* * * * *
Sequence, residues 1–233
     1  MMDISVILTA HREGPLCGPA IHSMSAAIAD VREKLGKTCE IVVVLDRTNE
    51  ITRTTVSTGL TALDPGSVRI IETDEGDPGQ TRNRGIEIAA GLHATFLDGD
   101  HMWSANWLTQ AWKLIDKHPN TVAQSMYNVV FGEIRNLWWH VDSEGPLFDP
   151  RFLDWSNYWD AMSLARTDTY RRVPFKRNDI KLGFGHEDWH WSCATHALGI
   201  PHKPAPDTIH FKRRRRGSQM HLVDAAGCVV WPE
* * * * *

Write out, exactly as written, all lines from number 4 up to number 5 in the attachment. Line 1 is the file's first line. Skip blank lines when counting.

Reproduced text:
   101  HMWSANWLTQ AWKLIDKHPN TVAQSMYNVV FGEIRNLWWH VDSEGPLFDP
   151  RFLDWSNYWD AMSLARTDTY RRVPFKRNDI KLGFGHEDWH WSCATHALGI